BMW will introduce SAE Level 3 system in the BMW 7-Series (but not the all-electric i7) in the spring of 2024 in Germany, allowing eyes-off, hands-off operation at speeds of up to 37 mph.
The Level 3 system, dubbed BMW Personal Pilot L3, is distinct from the BMW Highway Assistant, which is a Level 2 system and requires the driver to remain alert at all times.
The Level 3 system won't be offered in the US, at least not at first, as BMW would have to obtain regulatory permission from 50-plus jurisdictions.
BMW will follow in the footsteps of other automakers by introducing an SAE Level 3 semi-autonomous system in its flagship sedan, but not its electric i7 sibling. The first cars fitted with the necessary hardware and software will be delivered to buyers in Germany this spring, giving drivers eyes-off, hands-off driving flexibility.
Dubbed BMW Personal Pilot L3, the system will allow drivers to read or text while the system is in use, or even use the central infotainment screen as a TV.
"They can also use digital services for e.g. streaming videos from various providers on the central display during a journey," BMW promises.
Watching TV on the morning commute is close to the holy grail of driver-assist systems, even though Level 3 systems have their own limitations. But it's still a big step up from Level 2 in most respects, one that should make people think long and hard about the actual utility of Level 2 driver-assist systems.
BMW Personal Pilot L3 should not be confused with the BMW Highway Assistant, which is a Level 2 system that requires drivers to keep their eyes on the road and hands on the steering wheel, with a driver monitoring system keeping track of driver attention.
But there will be some limitations.
Drivers will only be able to use this system at speeds of up to 37 mph, making it suitable for traffic jams and well-marked roads with low speed limits, but not much else.
As in other Level 3 systems, drivers won't be able to nap in the front seat or the back seat, because they'll have to be ready to take back control when the system requests it via acoustic and visual signals. If the driver does not reassume control within a certain amount of time, the car will gently slow down to a halt.
The Level 3 system will also be confined to "motorways with structurally separated carriageways," so two-lane roads separated by painted lines won't cut it. This will rule out quite a few rural roads in Germany.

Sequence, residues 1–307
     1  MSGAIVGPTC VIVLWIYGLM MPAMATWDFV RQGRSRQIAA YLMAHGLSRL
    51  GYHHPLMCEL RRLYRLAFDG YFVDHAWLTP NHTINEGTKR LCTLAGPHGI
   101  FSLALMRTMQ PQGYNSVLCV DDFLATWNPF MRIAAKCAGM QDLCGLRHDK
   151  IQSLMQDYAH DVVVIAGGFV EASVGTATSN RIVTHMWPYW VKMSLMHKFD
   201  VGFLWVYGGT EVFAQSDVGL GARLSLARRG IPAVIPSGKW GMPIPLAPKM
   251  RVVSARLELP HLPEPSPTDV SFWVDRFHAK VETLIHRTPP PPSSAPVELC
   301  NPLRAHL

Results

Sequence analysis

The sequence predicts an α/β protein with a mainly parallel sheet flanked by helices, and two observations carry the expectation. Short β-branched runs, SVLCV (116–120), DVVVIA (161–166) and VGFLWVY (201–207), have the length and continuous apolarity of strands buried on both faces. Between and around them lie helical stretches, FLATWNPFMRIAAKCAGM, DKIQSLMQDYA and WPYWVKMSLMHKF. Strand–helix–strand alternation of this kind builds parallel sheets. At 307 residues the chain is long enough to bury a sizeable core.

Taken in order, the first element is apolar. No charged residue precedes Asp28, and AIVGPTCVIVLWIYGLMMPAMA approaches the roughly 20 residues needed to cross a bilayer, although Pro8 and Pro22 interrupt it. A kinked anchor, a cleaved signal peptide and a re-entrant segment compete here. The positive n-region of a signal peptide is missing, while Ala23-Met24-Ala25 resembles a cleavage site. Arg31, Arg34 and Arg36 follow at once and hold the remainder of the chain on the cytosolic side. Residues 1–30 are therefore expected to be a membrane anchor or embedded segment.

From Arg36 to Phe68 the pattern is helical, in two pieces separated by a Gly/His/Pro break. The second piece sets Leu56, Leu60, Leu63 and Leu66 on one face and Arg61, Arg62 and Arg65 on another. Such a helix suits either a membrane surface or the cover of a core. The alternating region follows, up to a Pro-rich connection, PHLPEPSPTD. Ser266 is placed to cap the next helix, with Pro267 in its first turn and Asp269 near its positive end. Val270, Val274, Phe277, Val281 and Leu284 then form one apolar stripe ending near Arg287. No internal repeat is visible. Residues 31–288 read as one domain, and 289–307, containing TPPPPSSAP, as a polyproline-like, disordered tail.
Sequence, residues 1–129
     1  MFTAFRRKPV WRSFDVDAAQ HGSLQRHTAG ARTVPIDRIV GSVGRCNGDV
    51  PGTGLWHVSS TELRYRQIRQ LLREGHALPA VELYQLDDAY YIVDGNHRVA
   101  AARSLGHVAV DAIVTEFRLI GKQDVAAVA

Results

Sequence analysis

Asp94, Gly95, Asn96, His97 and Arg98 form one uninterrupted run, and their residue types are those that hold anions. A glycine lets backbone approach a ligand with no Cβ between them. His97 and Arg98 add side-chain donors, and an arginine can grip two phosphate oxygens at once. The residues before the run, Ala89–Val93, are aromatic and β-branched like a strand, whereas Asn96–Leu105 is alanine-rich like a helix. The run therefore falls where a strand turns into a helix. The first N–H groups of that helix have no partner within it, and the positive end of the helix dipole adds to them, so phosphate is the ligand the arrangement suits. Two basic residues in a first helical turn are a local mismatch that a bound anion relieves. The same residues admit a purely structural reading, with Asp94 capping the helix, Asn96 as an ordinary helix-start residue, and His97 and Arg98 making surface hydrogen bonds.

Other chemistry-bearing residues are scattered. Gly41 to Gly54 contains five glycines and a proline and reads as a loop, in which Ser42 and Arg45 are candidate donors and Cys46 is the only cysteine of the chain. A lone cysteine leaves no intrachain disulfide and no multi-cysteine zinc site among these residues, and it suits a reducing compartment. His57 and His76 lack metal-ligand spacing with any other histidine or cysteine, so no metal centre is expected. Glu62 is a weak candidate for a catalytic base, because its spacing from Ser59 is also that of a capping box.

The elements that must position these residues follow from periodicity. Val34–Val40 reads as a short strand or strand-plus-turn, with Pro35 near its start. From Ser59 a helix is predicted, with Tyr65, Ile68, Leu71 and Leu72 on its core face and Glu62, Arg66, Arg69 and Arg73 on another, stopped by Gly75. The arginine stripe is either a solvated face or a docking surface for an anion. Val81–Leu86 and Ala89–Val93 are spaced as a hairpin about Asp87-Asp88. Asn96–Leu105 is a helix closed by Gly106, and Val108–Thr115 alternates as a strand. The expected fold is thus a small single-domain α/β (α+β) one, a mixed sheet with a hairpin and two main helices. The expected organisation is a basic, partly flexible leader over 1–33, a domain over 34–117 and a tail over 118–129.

One limitation the system won't face is use in the nighttime, with BMW crediting an advanced suite of sensors including radar, lidar, cameras, and ultrasonic sensors for this ability. We suspect this functionality has been added to make the system usable in traffic jams during wintertime commuting hours, when it can be quite dark.
But one place the system won't be usable is the US, thanks to current regulatory hurdles.
The automaker faces the unsavory prospect of getting its Level 3 system approved state by state, facing 50-plus jurisdictions. Incidentally, this is also the reason why Mercedes' own Level 3 system is likely to remain confined to a handful of autonomy-friendly jurisdictions in the US, at least for now.
Tesla's Full Self-Driving, despite the promise in the name, is a Level 2 system at its core, as it requires drivers to keep their eyes on the road at all times.
It remains to be seen whether the current regulatory landscape regarding Level 3 systems is a temporary roadblock or something likely to remain in place for years or decades.
But we don't foresee an easy federal-level solution until big business interests demand it en masse, likely as part of a push to allow Level 4 driverless commercial vehicles in order to reduce the number of truck driver jobs.
Do you think your state is prepared for a safe rollout of Level 3 conditional self-driving passenger cars, or Level 4 driverless commercial vehicles? Please comment below.